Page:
There is no better way to ensure you get a good workout than taking your dog along with you. In fact, research shows that dog owners are more likely to exercise regularly and to be more fit than their peers who do not own a dog. A study from Michigan State University reports that dog owners are 34 percent more likely to get the recommended 150 minutes of exercise a week than those without dogs. So, if you're looking for a way to get motivated you may want to head out and look for a new furry best friend and check out these top ways to ensure you get the best workout with your new companion.
1. Go off Trail
Walking your dog doesn't mean you have to just casually stroll around the block. Dogs love adventure so take them out hiking or let them tag along with you for a bike ride. You can even try in-line skating or swimming. There are also dog-friendly boot-camps you can try, which include cardio circuits such as sprinting, pushups and lunges.
2. Reverse Roles
Instead of walking your dog, try having your dog walk you. Chances are your new best friend will take you on a much tougher run or walk than you would do yourself. You will get to enjoy the great outdoors while not only working on your cardio but on your muscle strength as well.
A great workout for you and your dog could enjoy taking part in a flyball exercise. This sport sees dogs work as part of teams, such as a human relay race. Dogs race down a course, which includes four hurdles. At the end of the first leg there are a box of tennis balls that the dog must jump on to release a ball before returning to the starting line. Once the dog crosses the starting line, the next dog will have a turn. You could run along side your dog and the others for a good, quick workout.
No dog has ever said no to fetch. So get out a ball or a stick and run around a park with your canine. When your dog goes to fetch the item you can bust out some muscle-building moves like crunches, lunges or squats. Or try racing him to the ball for some good sprinting exercises. Not only will you get in a good cardio workout, you and your dog will have fun bonding. Chances are you won't even look at it as exercise.
This is a cross between yoga and dog – or, in other words, yoga with your dog. This can be a calming exercise for both you and your dog because it's all about the pet-human bond. If you can't find a class in your area you can simply go online and watch some videos.
6. Obstacle Course
Make an obstacle course with hurdles, tunnels and ropes for your dog. Try to keep up as your happy canine runs, jumps and crawls through the course. It's a great way to work out a lot of different muscles, including your dog's brain.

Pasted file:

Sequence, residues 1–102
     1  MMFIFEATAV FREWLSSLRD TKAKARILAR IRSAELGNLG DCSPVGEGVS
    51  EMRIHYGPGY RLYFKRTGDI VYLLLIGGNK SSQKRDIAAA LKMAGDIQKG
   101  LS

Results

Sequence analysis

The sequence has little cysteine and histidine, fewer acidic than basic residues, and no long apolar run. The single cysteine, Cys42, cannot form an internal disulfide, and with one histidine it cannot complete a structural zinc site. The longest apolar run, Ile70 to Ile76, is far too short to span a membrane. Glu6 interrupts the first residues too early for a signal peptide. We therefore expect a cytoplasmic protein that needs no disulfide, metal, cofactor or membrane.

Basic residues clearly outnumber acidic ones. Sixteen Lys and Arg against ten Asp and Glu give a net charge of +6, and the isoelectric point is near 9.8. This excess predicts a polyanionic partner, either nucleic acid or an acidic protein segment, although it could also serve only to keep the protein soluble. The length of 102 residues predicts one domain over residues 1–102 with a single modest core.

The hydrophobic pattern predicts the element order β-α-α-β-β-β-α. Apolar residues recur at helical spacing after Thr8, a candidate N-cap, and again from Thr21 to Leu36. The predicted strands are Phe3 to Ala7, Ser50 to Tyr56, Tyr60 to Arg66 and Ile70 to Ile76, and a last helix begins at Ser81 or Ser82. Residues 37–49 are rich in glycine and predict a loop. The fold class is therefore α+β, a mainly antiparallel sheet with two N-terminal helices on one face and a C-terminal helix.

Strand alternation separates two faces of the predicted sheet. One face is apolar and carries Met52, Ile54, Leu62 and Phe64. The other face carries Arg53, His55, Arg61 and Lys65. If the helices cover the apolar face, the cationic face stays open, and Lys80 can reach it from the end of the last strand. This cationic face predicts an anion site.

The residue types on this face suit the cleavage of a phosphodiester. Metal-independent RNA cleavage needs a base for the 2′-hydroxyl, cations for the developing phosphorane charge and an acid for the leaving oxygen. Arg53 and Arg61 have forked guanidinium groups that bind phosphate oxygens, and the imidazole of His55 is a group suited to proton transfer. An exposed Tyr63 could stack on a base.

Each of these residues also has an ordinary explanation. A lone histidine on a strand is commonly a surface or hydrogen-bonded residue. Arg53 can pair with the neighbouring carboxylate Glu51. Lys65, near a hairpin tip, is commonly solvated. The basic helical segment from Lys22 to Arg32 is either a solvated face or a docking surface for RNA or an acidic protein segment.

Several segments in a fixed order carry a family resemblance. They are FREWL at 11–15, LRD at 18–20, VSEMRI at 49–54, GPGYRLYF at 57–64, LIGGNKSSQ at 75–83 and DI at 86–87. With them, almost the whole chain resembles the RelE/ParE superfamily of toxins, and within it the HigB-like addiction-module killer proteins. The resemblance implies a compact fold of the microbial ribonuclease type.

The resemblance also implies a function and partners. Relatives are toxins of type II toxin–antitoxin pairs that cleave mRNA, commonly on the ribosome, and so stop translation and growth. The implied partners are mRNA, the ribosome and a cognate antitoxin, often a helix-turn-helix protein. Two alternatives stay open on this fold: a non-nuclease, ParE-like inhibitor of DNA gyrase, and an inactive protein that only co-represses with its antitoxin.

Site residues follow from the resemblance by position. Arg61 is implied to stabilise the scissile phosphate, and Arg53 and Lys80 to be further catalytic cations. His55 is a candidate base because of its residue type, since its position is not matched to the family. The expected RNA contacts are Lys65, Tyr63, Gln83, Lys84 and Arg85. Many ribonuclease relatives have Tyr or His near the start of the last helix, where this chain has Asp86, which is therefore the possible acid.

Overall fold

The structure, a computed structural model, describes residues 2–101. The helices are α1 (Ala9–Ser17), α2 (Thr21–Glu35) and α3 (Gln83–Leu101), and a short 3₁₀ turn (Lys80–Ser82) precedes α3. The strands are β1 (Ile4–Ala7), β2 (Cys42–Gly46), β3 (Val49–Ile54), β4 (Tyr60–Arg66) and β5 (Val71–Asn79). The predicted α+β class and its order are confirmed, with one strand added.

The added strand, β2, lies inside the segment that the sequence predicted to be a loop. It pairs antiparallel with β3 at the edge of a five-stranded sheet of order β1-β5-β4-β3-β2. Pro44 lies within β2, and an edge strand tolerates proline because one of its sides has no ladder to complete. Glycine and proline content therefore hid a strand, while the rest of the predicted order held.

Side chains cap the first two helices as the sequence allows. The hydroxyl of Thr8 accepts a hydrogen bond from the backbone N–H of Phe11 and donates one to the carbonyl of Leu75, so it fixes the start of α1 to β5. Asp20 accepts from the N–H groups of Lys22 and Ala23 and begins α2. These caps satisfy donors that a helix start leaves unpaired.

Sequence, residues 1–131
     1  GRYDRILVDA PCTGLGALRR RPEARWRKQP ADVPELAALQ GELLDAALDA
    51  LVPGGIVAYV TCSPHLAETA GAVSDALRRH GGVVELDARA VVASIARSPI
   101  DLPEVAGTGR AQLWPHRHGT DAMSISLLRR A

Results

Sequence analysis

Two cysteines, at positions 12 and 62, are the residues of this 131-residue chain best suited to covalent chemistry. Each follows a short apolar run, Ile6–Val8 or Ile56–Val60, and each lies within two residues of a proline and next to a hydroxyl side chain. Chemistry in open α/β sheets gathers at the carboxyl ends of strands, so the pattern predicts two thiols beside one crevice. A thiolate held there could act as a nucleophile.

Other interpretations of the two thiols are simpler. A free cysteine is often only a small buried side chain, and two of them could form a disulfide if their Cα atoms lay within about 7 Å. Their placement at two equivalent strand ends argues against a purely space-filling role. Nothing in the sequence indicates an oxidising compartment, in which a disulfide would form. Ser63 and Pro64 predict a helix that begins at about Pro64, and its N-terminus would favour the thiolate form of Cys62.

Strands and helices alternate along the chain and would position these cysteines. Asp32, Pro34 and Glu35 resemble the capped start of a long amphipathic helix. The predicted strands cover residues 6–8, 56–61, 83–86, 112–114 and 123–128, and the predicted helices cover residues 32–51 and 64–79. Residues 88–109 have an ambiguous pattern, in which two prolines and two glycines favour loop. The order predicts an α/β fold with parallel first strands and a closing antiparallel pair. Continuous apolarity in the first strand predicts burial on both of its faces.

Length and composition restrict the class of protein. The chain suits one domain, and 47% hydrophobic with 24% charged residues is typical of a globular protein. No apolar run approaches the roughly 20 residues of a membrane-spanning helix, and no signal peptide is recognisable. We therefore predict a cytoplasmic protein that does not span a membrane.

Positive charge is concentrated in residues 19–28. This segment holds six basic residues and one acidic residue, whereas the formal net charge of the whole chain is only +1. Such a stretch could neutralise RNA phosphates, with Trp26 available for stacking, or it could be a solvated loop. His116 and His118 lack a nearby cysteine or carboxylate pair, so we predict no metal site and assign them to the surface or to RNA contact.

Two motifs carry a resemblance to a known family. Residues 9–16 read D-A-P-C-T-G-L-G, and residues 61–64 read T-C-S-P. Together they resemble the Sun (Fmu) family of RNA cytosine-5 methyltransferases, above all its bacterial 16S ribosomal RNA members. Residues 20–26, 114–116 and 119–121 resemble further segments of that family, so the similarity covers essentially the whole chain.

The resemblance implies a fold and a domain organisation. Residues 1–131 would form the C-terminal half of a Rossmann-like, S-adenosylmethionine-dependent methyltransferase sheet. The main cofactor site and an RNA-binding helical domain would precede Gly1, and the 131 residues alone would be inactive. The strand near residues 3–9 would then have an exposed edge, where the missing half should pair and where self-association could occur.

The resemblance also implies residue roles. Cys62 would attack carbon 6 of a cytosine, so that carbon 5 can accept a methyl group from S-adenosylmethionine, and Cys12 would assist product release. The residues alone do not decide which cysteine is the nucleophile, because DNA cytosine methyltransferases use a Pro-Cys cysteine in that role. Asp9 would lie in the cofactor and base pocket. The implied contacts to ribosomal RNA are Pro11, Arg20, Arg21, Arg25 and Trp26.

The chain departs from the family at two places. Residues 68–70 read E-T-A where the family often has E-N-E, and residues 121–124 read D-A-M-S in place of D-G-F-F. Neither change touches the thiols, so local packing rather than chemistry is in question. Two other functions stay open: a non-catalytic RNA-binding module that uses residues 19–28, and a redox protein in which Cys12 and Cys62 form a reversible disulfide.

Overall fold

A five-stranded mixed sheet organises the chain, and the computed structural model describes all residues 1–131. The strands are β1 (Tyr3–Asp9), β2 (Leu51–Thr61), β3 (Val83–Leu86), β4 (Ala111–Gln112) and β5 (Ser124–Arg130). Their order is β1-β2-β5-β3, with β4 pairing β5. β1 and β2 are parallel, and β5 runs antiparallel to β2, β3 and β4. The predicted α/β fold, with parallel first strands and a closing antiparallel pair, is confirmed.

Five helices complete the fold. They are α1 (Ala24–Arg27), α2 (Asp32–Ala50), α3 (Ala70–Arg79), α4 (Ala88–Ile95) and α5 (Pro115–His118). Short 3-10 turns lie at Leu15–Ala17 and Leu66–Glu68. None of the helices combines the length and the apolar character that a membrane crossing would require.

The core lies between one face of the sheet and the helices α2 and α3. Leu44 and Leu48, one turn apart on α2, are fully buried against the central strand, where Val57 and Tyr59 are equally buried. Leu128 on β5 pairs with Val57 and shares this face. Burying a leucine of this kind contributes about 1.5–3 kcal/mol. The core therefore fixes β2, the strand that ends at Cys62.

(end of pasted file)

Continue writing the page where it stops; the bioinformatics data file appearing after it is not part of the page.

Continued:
7. Cross Country Skiing
It doesn't have to be summer time to get outside and work out with your pup. Cross country skiing is a great sport to do with your dog. You dog will love being outside and will make sure you keep a good pace and don't stop for too many breaks.
8. Dog Games
Dogs love to play games so try turning these games into your daily workout. Try playing tug-of-war, freestyle dance or soccer with your companion to ensure a good workout for both of you. Herding breeds such as Border Collies and Australian Shepherds love playing soccer. You can play keep-away with the ball or try punting the ball and racing for it. It doesn't take much work but your body will sure feel it.
Dogs are a creature of habit so they will make sure you keep up your weekly mileage. And once your dog gets into the routine of a morning run, he or she won't let you skip out on it. You won't even need an alarm clock because your dog will likely be waiting by your bed to wake you up. If you aren't feel motivated one look at the excitement in your pet's face will force you to get out from under those cozy blankets. You can also try stair-running exercises, which will work out your quads, hamstrings and glutes.
10. Paddle boarding
Dogs of all sizes can ride on the nose of a paddle board, enjoying the view while you get a killer ab workout. If you find it hard to balance the board, try paddling on your knees. Make sure you put a life preserver on you and your dog because chances are you will likely take a few dips!
If your dog is big, walking him or her may seem like more of a job than an exercise routine. If you feel like your pup is about to pull your arm off you won't really enjoy your walk. So try letting him or her keep up with you as you pedal your bike. Cycling can get rid of 500 or more calories per hour and will help build your leg muscles. Biking with your dog may also help with any behavioural issues he or she may have since aerobic exercises are believed to stimulate the dog's brain to make serotonin, a hormone that helps dogs relax.
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